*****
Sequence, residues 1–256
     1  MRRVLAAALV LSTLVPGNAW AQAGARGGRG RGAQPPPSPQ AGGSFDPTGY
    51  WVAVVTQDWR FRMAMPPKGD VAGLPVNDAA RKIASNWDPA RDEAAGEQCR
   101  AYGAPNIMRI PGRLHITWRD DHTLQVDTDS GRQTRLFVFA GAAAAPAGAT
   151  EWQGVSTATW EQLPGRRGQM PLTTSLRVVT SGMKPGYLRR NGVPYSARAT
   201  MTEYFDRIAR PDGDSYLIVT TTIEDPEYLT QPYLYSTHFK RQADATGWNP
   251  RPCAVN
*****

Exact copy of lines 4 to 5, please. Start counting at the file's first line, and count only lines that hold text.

   101  AYGAPNIMRI PGRLHITWRD DHTLQVDTDS GRQTRLFVFA GAAAAPAGAT
   151  EWQGVSTATW EQLPGRRGQM PLTTSLRVVT SGMKPGYLRR NGVPYSARAT